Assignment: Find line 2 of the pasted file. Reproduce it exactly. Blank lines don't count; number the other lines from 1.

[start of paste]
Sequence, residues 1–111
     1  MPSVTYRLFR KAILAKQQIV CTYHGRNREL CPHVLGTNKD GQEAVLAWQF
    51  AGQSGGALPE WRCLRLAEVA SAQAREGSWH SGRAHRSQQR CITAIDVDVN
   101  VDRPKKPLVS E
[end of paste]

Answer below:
     1  MPSVTYRLFR KAILAKQQIV CTYHGRNREL CPHVLGTNKD GQEAVLAWQF